Em­manuel Macron

The Washington Post - - FRONT PAGE - BY JAMES MCAULEY james.mcauley@wash­post.com

was pro­jected to win a large par­lia­men­tary ma­jor­ity in France, with his cen­trist party tri­umph­ing at the polls.

paris — Em­manuel Macron was pro­jected to win a large par­lia­men­tary ma­jor­ity Sun­day, with the cen­trist party he founded lit­tle more than a year ago tri­umph­ing at the polls.

Al­though the re­sult was ex­pected af­ter an ear­lier round of vot­ing last week, the rise of Macron’s pro-Europe, pro-busi­ness party rep­re­sented a wa­ter­shed mo­ment in mod­ern French pol­i­tics. In a sys­tem that has only ever been gov­erned by the cen­ter-left or the cen­ter-right, Sun­day’s vote marked the be­gin­ning of a French “third way,” a gov­ern­ment from the cen­ter that once seemed im­pos­si­ble.

Macron’s Repub­lic on the Move party was pro­jected to win at least 355 of 577 to­tal seats in France’s Na­tional Assem­bly, ac­cord­ing to French polling in­sti­tutes. Al­though the fig­ures were not as high as ini­tially an­tic­i­pated — and voter ab­sten­tion ap­proached a record per­cent­age — the victory still rep­re­sented the emer­gence of a pow­er­ful new po­lit­i­cal force in France.

“This Sun­day, you gave a clear ma­jor­ity to the pres­i­dent of the repub­lic and to the gov­ern­ment,” said Édouard Philippe, France’s prime min­is­ter. “It will have a mis­sion: to act for France. By their vote, the French, in their great ma­jor­ity, pre­ferred hope to anger, confidence to with­drawal.”

Af­ter a year that saw land­mark vic­to­ries for pop­ulist cam­paigns in Bri­tain and the United States, Macron’s elec­tion in May was widely seen as buck­ing an in­ter­na­tional trend. And now, France has placed its trust in Macron’s am­bi­tious, as-yet-untested po­lit­i­cal pro­gram, giv­ing him a rare carte blanche to make good on his prom­ise to “re­new po­lit­i­cal life.”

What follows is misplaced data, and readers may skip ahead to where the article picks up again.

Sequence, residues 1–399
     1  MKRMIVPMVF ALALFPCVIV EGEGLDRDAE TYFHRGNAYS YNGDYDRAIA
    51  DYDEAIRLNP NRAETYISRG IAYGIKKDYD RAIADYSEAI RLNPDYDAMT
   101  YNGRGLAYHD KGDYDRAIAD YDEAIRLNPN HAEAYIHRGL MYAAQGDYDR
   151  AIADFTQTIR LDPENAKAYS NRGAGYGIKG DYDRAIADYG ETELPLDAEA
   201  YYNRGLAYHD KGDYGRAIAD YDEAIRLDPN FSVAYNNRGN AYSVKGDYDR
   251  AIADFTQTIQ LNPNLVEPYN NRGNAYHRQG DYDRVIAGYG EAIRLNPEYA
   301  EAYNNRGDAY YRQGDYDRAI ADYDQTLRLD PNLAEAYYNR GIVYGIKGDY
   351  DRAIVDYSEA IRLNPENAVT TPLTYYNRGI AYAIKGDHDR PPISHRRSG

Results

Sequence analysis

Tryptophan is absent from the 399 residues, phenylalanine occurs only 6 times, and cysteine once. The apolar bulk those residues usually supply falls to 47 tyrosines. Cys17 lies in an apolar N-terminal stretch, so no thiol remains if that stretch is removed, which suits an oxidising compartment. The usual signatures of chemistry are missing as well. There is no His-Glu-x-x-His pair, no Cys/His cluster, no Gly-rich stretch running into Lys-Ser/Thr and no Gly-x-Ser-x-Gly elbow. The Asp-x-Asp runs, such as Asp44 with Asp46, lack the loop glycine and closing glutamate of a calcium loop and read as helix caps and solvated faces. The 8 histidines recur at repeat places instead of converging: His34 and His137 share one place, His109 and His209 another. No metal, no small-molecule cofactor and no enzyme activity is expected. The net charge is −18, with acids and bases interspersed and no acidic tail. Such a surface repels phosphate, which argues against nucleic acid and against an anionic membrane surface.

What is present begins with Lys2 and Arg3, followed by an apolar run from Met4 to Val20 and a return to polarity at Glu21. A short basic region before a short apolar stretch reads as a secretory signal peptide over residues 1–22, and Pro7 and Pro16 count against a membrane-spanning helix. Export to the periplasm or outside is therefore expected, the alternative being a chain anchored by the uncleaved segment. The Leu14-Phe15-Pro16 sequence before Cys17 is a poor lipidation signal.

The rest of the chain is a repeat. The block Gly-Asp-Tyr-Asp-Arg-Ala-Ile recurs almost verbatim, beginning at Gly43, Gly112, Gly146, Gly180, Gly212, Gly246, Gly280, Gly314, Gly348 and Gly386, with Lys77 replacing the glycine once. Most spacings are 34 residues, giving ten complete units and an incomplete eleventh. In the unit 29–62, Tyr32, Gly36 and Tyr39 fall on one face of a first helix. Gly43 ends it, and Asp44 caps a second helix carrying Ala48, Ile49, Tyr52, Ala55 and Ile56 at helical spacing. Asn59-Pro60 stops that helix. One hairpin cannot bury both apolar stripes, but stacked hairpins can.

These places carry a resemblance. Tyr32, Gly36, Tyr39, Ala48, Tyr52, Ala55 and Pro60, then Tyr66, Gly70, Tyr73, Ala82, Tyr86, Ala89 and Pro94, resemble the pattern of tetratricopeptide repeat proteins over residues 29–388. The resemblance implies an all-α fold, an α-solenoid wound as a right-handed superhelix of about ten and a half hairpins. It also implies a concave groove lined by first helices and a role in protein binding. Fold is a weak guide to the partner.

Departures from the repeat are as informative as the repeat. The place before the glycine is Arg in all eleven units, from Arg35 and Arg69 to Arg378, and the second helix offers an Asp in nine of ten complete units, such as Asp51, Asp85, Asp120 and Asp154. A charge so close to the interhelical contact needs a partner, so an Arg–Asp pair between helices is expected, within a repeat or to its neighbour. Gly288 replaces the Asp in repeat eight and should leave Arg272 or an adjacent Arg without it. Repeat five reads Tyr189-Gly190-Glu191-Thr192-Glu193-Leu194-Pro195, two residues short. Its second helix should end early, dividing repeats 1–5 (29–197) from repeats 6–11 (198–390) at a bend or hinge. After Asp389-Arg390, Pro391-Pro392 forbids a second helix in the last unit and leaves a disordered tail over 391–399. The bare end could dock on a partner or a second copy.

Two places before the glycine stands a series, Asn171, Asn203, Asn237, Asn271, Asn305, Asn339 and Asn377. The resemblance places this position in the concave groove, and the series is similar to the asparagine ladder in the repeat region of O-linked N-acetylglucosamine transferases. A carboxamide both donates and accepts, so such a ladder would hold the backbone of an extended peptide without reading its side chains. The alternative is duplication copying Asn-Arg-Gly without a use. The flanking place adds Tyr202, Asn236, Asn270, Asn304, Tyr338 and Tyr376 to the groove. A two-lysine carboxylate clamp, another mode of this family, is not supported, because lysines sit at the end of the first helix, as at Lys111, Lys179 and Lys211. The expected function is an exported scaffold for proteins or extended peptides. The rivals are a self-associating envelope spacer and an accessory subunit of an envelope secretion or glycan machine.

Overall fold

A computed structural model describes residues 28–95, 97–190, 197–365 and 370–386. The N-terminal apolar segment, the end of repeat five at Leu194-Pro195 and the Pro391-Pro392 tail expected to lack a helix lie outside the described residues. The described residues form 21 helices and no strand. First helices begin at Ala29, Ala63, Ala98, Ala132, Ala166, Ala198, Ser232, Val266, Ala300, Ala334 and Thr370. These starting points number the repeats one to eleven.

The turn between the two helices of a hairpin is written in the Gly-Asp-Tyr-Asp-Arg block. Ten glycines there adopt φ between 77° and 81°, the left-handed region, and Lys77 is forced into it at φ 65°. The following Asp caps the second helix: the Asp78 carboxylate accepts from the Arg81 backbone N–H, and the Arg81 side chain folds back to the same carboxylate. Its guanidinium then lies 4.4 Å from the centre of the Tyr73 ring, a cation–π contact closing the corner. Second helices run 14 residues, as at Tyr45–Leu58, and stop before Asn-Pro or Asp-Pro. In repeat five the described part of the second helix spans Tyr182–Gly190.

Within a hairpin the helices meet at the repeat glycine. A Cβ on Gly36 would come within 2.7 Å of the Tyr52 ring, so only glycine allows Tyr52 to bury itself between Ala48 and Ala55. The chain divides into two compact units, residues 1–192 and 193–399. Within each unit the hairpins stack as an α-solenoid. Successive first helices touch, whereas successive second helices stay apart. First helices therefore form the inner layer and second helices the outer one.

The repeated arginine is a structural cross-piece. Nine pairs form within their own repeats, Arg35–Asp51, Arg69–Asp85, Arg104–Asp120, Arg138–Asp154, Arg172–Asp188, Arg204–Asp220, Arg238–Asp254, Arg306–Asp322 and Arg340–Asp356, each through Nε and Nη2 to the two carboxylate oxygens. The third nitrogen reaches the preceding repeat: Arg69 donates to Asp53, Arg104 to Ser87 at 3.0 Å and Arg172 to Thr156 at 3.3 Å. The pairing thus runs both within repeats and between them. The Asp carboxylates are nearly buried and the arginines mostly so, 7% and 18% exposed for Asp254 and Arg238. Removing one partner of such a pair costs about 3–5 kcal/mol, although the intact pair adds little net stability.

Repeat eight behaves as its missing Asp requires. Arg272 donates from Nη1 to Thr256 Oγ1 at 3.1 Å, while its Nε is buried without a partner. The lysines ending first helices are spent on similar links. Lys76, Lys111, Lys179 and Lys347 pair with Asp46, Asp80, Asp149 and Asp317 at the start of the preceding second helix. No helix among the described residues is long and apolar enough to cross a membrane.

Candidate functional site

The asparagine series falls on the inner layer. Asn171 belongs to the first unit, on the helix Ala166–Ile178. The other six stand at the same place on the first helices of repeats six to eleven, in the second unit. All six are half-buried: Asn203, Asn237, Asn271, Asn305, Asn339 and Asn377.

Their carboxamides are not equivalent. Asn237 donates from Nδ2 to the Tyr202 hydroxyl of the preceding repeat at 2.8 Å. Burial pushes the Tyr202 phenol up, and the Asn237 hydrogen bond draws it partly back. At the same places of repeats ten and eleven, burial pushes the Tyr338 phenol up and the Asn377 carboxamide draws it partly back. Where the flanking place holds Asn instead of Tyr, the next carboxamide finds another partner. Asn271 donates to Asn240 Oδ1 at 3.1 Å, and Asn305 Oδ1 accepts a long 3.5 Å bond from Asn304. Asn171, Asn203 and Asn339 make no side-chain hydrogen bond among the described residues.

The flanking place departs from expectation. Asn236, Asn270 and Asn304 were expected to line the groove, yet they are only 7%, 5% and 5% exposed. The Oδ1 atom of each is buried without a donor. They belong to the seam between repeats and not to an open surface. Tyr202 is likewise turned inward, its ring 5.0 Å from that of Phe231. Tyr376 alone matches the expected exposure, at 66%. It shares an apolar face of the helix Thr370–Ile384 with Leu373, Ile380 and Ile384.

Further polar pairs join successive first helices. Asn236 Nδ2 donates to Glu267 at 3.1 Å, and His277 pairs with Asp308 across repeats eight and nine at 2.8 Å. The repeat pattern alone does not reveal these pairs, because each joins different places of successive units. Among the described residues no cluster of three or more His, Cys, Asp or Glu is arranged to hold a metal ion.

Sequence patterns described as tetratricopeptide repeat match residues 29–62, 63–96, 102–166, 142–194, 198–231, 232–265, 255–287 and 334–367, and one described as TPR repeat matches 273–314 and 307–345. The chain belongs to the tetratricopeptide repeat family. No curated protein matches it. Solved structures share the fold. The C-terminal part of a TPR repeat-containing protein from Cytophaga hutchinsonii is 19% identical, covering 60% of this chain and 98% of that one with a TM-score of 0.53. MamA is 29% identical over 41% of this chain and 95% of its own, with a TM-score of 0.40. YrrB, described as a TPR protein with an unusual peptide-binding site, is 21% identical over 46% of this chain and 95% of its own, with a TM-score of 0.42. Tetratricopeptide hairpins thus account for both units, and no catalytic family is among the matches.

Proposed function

For Macron’s aides, the victory of his party was it­self a re­newal, given that half its can­di­dates were women and many were mi­nori­ties in a coun­try where nei­ther group has tra­di­tion­ally been well rep­re­sented in pub­lic life.

“For the first time un­der the Fifth Repub­lic, the Na­tional Assem­bly will be pro­foundly re­newed, more di­verse, younger, with many pro­fes­sional, com­mu­nity and po­lit­i­cal back­grounds,” said Cather­ine Bar­baroux, the in­terim pres­i­dent of Repub­lic on the March, in a speech Sun­day night.

For an­a­lysts, the as­ton­ish­ing suc­cess of the newly founded party sug­gested the French peo­ple’s de­sire to give their new pres­i­dent, who calls him­self “nei­ther left nor right,” a chance.

“It re­flects a judg­ment of the first weeks in power of Em­manuel Macron,” said Do­minique Moïsi, a for­eign pol­icy ad­viser at the In­sti­tut Mon­taigne, a Paris think tank close to the Macron cam­paign.

“They elected him, but they were not sure at first,” Moïsi added. “Then they saw that he was in­car­nat­ing the repub­lic bet­ter than their pre­vi­ous pres­i­dent.”

Pre­de­ces­sor François Hol­lande, in whose ad­min­is­tra­tion Macron briefly served as econ­omy min­is­ter, was the most un­pop­u­lar head of state in mod­ern French his­tory. Fol­low­ing a con­stant string of ter­ror­ist at­tacks, stag­nant un­em­ploy­ment fig­ures and an un­re­solved mi­grant cri­sis, the ex­ec­u­tive branch plum­meted in the es­teem of many French vot­ers. In some polls, Hol­lande’s ap­proval rat­ing reached the sin­gle dig­its.

By con­trast, Moïsi said, Macron — af­ter just one month in of­fice — has as­serted him­self as a force to be reck­oned with on the world stage, pro­ject­ing the im­age of a strong and pow­er­ful France that re­calls the stub­born states­man­ship of Charles de Gaulle.

First, Macron faced off against Pres­i­dent Trump in a six-sec­ond hand­shake, and pub­licly crit­i­cized his Amer­i­can coun­ter­part’s de­ci­sion to with­draw from the Paris cli­mate ac­cords, invit­ing — in flu­ent Eng­lish — Amer­i­can cli­mate sci­en­tists and re­searchers to re­lo­cate to France. Then he launched a catch­phrase that played with Trump’s cam­paign slo­gan: “Make Our Planet Great Again.”